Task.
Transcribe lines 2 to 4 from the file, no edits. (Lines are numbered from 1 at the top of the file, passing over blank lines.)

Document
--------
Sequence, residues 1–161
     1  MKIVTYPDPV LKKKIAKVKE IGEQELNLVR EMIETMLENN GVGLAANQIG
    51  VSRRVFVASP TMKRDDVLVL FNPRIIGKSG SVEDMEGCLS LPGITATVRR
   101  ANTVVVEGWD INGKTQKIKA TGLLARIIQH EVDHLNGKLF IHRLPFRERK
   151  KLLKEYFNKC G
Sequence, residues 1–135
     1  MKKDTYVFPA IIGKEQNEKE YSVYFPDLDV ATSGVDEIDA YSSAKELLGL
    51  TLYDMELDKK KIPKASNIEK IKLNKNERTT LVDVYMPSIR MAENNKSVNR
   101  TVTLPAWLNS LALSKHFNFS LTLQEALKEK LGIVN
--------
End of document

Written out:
     1  MKIVTYPDPV LKKKIAKVKE IGEQELNLVR EMIETMLENN GVGLAANQIG
    51  VSRRVFVASP TMKRDDVLVL FNPRIIGKSG SVEDMEGCLS LPGITATVRR
   101  ANTVVVEGWD INGKTQKIKA TGLLARIIQH EVDHLNGKLF IHRLPFRERK